National Debt(s)

Tony Coates is celebrating the elimination of the Australian federal government’s net debt. During the 1970s and 1980s, Canada carried a brutal public debt, to the point that our federal government was spending more on interest than on any major government program (healthcare, defence, education — you name it). I suspect that Australia was in a similar situation. It’s a vicious circle, where the government ends up spending more and more but delivering less and less.

The ratio between public debt and GDP in a rich country shows how capable that country is of dealing with its debt; less directly, it also shows how fond that country is of big government (though high debt can also simply indicate undertaxation). With that in mind, the following table destroys a lot of the stereotypes about how well different governments manage their finances and how fond they are of big government:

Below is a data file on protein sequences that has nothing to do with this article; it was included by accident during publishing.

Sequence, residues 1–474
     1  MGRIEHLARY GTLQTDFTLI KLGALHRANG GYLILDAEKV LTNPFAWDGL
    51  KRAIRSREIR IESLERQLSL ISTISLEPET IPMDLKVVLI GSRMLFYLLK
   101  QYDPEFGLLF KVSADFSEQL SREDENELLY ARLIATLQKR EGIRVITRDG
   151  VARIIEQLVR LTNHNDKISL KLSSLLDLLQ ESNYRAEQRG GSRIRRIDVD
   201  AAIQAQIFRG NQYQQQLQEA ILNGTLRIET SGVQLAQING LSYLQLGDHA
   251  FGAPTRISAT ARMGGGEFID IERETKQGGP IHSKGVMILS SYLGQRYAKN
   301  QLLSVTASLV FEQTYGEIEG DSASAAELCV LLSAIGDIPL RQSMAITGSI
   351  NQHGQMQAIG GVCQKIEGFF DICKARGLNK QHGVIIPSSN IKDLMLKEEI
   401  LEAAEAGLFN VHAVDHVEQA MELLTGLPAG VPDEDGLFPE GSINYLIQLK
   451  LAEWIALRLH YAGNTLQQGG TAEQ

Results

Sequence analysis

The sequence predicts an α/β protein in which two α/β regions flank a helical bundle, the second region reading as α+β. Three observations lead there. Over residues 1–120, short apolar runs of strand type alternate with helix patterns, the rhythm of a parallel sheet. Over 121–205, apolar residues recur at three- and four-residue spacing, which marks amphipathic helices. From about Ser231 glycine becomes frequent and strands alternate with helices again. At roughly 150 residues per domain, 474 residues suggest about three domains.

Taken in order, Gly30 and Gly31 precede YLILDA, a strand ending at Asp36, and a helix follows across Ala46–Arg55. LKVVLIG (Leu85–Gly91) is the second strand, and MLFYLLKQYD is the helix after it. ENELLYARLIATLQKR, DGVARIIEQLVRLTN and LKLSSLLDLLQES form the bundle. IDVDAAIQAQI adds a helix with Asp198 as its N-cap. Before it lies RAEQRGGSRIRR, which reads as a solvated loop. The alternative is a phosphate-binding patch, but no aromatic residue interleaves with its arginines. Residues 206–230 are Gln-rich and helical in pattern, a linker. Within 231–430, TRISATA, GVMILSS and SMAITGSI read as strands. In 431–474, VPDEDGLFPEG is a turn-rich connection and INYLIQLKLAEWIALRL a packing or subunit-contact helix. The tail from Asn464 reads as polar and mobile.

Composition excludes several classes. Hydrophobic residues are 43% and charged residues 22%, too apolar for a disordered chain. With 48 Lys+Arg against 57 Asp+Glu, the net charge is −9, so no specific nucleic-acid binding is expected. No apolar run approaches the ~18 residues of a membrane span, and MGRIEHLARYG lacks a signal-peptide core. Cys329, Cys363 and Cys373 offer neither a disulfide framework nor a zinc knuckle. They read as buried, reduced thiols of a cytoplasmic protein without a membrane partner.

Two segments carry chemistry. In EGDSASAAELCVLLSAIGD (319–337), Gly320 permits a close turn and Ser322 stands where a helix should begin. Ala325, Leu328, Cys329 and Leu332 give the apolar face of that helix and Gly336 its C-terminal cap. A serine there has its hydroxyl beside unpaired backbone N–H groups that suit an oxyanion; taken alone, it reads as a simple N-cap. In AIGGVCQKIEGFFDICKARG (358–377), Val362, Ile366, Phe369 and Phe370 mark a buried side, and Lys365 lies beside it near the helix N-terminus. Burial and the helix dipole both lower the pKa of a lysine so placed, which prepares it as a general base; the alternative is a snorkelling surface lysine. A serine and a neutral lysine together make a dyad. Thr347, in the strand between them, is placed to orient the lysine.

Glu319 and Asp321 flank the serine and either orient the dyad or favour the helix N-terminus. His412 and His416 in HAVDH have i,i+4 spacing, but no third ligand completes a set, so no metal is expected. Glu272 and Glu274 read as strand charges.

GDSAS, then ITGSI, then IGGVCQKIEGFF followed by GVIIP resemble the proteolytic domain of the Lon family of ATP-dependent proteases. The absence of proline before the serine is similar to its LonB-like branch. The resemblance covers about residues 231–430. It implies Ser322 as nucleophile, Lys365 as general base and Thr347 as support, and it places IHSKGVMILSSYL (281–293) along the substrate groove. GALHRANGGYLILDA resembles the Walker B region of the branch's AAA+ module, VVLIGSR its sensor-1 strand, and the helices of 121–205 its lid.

Country Public debt:GDP ratio
Australia 16.2%
New Zealand 21.4%
Canada 38.7%
U.K. 42.2%
Spain 48.5%
Sweden 50.3%
U.S. 64.7%
France 66.5%
Germany 68.1%
Italy 107.3%
Japan 170%

(Source: CIA World Factbook; all figures for 2005.)

Anti-big-government U.S.? Impoverished Spain? Debt-ridden U.K.? Soviet-Canukistan? Forget it. On the other hand, however much Americans may complain about financial mismanagement under their current administration, things could have been worse — at least they didn’t have to deal with five years of Silvio Berlusconi.

About David Megginson

Scholar, tech guy, Canuck, open-source/data/information zealot, urban pedestrian, language geek, tea drinker, pater familias, red tory, amateur musician, private pilot.
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